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From definition double strtod ( const char * str, char ** endptr );

C reference sites provide an example for that mighty function:

char szOrbits[] = "365.24 29.53";
char * pEnd;
double d1, d2;
d1 = strtod (szOrbits,&pEnd);
d2 = strtod (pEnd,NULL);

If endptr should be of type char ** why is char *pEnd used here ? And not char **pEnd ?

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Look up pass-by-reference in C. That's what it does. –  chris Sep 21 '12 at 19:27
    
endptr is of type char** so that the function could modify the char* it points to. –  eq- Sep 21 '12 at 19:27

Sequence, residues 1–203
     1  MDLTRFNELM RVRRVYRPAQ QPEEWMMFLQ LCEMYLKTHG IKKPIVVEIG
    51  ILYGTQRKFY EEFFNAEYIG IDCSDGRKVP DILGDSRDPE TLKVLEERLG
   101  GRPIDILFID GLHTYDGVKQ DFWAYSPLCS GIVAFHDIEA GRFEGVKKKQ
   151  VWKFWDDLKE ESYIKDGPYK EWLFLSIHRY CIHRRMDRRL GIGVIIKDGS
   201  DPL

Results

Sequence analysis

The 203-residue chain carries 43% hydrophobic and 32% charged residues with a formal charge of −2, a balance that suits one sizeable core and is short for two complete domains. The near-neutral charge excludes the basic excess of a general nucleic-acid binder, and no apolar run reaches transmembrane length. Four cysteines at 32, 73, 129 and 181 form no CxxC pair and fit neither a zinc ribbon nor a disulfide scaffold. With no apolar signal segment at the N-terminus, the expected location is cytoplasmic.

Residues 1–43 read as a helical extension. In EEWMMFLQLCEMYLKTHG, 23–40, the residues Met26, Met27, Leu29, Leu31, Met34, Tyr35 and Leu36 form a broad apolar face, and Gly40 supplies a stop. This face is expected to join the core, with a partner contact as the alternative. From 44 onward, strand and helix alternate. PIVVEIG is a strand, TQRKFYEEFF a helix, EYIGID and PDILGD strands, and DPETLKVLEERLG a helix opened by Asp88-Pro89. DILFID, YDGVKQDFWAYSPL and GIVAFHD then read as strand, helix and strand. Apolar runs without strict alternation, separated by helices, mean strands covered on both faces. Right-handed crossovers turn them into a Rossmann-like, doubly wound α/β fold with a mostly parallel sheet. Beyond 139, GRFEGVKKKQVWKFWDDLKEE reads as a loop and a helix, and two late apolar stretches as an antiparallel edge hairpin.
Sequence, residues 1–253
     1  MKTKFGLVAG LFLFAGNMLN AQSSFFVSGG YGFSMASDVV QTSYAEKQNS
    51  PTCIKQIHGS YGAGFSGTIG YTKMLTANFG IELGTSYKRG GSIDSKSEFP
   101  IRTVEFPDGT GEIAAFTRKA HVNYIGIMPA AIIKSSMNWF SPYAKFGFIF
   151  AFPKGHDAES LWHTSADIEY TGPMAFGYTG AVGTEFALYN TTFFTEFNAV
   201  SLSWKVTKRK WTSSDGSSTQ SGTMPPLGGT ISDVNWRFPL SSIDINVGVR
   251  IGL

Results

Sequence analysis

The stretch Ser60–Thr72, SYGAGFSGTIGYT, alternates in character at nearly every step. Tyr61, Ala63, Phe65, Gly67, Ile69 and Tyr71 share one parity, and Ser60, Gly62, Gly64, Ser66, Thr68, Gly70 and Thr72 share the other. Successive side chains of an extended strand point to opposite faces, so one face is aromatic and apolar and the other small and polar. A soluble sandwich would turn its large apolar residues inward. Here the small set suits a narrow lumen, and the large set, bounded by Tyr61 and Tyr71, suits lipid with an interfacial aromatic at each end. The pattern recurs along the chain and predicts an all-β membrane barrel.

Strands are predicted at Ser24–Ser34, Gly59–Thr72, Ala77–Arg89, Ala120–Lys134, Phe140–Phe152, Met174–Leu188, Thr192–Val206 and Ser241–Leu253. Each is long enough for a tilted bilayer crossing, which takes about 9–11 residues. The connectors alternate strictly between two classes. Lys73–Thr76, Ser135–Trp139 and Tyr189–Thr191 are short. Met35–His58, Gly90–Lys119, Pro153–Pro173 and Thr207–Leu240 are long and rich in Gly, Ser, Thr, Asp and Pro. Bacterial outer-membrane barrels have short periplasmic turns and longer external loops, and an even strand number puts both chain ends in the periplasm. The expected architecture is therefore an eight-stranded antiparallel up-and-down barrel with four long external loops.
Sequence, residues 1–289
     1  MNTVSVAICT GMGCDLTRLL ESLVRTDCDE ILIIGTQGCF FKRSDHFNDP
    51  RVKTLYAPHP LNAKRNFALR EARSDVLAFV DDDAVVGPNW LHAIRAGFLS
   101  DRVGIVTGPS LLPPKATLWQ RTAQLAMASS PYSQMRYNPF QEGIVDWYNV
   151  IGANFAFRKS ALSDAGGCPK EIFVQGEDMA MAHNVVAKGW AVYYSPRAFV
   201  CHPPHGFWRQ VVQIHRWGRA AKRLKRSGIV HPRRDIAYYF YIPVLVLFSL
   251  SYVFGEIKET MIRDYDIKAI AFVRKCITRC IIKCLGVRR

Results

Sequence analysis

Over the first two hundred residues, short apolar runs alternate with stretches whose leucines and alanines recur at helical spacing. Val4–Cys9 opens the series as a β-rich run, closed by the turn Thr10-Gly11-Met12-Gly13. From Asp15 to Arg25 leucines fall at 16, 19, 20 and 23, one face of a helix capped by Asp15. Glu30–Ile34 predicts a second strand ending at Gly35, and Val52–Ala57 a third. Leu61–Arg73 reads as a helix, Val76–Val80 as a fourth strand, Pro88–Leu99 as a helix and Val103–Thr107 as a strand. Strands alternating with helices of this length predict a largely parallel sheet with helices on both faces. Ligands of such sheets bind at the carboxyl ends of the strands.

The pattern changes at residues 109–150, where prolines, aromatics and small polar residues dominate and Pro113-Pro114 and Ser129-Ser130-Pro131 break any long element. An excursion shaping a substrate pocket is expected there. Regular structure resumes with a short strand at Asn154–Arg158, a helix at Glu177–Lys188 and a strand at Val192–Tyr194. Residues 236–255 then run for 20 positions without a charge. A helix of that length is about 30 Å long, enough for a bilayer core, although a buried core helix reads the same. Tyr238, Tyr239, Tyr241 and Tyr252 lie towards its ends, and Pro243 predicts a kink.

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2 Answers 2

up vote 6 down vote accepted

The type of pEnd is char *. The type of &pEnd is char **.

C passes arguments to functions by value, so to modify a pointer you need to pass a pointer to the pointer.

You could define a char ** directly but you would need to initialize it to a char * as the idea is that strtod is modifying a char *.

Like:

char *q;
char **p = &q;

d1 = strtod (szOrbits, p);

Obviously the intermediate p pointer is not necessary and you can use &q directly.

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+1 nice explanation of a classic misunderstanding of pointers/ –  R.. Sep 21 '12 at 22:32
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pEnd is a char*, as you've observed. The first example call to strtod() passes &pEnd as the second argument. &pEnd is the address of pEnd, and is therefore of type char**.

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